Is there also something to be said about the assumption that the teen is of an average IQ, rather than delayed somehow? Some people never get past an IQ of 40 or so, and they are often very abused, and they may not be capable of stopping a 7 year old…
Yes, and thank you for saying it. I wasn’t thinking about the possibility that the teen in the scenario might have a mental or physical health issue that could potentially change the power balance between the two people. You are so right to point it out.
Another anon said:
I think in the case of a 7yo abusing a 15yo, the only way I could see that happening and the 15yo not putting a stop to it is if the 15yo was mentally and/or physically disabled. Even then I doubt a 7yo could really be deemed an abuser. I agree that in situations where children abuse other children after they have been abused there is definitely a victim, but I don’t think we can classify the child doing the abusing as a perpetrator the same way we would an adult abuser.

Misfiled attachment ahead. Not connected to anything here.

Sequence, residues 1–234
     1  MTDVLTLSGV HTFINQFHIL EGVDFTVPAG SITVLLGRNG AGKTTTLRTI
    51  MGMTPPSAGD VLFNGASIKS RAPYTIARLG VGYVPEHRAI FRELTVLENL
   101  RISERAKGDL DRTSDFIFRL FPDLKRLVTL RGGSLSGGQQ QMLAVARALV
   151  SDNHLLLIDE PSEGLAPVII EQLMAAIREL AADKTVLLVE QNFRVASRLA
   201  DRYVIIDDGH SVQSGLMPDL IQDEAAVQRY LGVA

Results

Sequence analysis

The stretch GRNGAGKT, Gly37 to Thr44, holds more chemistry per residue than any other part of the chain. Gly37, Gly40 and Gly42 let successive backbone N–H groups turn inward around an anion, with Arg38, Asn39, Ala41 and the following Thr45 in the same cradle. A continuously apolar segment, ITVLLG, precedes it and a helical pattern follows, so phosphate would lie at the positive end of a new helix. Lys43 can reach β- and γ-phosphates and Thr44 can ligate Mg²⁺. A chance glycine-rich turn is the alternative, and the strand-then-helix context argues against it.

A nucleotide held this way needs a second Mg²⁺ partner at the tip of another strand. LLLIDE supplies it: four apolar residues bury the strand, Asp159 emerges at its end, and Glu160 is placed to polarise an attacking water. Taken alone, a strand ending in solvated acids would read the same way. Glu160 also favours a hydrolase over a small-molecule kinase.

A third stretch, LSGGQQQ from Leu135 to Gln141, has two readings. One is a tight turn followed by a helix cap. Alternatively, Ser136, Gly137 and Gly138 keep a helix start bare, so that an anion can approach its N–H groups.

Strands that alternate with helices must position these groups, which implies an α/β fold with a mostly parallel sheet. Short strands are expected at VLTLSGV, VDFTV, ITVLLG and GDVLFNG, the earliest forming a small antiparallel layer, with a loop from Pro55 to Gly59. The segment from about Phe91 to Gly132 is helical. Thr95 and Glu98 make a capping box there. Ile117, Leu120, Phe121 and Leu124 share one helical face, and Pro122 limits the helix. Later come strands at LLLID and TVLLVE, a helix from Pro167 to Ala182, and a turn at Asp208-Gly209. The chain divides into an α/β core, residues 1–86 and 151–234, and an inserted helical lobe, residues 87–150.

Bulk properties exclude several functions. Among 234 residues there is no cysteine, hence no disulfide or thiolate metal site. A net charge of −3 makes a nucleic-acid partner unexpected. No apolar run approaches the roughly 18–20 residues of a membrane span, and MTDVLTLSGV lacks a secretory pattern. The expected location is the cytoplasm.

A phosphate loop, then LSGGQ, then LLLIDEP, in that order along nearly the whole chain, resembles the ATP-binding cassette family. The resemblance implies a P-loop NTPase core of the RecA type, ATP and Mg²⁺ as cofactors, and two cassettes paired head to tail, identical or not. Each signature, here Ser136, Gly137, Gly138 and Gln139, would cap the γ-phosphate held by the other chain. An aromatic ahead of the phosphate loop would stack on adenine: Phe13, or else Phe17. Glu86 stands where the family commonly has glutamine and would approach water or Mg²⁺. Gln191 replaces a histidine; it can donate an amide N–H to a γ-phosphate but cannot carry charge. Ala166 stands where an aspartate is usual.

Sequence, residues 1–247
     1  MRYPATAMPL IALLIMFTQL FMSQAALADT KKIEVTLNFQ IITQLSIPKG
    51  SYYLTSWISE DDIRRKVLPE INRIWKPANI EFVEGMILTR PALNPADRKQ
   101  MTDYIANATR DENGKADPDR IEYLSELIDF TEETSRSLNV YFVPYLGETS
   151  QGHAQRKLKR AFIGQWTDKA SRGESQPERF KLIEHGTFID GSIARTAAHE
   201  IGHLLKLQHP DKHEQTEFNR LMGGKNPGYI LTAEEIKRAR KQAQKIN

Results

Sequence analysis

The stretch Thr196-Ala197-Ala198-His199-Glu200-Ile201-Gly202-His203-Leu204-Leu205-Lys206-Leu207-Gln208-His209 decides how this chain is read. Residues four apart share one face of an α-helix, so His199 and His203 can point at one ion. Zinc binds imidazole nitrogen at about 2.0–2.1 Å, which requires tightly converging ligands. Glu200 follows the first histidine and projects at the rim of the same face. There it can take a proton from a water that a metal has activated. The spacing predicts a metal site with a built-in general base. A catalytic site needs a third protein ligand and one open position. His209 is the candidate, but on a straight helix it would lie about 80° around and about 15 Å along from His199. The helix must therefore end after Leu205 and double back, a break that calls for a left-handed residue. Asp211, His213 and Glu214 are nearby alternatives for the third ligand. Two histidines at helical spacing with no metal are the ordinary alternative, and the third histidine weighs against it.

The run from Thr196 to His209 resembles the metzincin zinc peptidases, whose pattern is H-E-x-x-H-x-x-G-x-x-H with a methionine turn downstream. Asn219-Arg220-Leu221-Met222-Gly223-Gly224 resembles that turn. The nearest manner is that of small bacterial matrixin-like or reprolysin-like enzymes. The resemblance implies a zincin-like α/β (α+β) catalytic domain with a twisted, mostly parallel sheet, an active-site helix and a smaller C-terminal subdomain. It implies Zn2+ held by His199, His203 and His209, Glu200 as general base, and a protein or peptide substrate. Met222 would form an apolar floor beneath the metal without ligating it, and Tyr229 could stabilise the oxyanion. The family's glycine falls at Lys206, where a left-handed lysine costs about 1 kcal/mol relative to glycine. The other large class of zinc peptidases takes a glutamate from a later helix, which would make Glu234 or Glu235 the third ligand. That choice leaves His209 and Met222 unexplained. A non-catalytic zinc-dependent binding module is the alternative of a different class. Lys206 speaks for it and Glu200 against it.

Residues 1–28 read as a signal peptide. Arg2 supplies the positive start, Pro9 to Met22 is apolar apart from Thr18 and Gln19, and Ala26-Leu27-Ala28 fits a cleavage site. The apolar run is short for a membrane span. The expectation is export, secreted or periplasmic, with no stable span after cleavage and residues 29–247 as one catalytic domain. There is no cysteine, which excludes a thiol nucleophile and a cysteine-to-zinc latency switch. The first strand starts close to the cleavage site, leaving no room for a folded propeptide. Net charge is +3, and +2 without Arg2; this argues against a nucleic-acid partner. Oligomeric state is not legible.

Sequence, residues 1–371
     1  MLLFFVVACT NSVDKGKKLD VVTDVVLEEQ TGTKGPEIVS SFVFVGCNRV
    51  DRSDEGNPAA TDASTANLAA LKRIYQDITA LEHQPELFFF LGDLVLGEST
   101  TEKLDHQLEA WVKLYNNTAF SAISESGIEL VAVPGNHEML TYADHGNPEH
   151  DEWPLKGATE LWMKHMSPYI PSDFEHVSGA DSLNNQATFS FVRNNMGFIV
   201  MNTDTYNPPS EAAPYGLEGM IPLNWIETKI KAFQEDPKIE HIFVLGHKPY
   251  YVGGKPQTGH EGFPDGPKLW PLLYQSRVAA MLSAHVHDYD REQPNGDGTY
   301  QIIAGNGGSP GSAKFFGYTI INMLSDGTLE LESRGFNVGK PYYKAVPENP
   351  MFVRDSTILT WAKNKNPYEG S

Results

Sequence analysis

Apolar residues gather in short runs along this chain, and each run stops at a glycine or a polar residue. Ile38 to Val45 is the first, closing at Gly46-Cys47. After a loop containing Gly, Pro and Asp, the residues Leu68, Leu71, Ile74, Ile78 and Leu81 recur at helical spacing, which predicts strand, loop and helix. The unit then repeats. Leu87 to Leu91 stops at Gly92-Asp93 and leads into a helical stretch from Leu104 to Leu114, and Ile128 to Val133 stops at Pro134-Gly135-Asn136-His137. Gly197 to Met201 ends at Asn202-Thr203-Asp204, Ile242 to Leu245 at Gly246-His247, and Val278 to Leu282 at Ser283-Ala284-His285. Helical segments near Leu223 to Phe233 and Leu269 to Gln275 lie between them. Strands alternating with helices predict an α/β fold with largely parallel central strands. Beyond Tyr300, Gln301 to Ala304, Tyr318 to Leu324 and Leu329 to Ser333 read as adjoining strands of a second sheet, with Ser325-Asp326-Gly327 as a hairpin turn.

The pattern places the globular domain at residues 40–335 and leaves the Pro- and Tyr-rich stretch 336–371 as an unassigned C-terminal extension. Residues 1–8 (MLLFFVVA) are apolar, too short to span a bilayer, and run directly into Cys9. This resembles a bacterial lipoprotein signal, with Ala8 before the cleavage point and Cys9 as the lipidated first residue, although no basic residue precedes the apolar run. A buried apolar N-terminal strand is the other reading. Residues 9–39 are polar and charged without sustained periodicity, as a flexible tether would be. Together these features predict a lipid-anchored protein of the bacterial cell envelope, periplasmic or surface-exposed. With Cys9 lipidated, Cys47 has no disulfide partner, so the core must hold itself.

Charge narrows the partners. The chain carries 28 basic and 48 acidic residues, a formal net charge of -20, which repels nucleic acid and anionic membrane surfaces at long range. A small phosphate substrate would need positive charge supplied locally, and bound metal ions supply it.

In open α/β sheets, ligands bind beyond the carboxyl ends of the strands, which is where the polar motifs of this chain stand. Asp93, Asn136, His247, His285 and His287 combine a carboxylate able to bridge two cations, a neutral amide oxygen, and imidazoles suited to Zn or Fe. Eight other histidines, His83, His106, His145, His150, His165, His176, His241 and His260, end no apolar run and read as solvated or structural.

I think the question was not so much asking whether the kid could be called an abuser, but whether a kid could commit abuse. Your question and the one before you makes me rethink my initial response. It seems there could be situations where the power balance would go to the much younger person, and abuse could occur.
You’re right in saying that a child who perpetrated sexual abuse against another kid, regardless of age, would not be treated the way we do an adult abuser. It’s not appropriate. In most cases I’ve heard about where young children have sexually abused another kid, the child has been sent for serious counseling and help, not punishment.